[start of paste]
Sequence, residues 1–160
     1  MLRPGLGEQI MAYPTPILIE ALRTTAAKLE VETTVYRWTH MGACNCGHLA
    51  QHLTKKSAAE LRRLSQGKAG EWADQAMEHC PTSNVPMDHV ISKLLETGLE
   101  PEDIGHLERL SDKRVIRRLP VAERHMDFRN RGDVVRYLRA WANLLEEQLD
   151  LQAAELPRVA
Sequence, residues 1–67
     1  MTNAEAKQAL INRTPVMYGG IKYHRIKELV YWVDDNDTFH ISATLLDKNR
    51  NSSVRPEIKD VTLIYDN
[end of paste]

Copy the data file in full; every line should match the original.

Sequence, residues 1–160
     1  MLRPGLGEQI MAYPTPILIE ALRTTAAKLE VETTVYRWTH MGACNCGHLA
    51  QHLTKKSAAE LRRLSQGKAG EWADQAMEHC PTSNVPMDHV ISKLLETGLE
   101  PEDIGHLERL SDKRVIRRLP VAERHMDFRN RGDVVRYLRA WANLLEEQLD
   151  LQAAELPRVA
Sequence, residues 1–67
     1  MTNAEAKQAL INRTPVMYGG IKYHRIKELV YWVDDNDTFH ISATLLDKNR
    51  NSSVRPEIKD VTLIYDN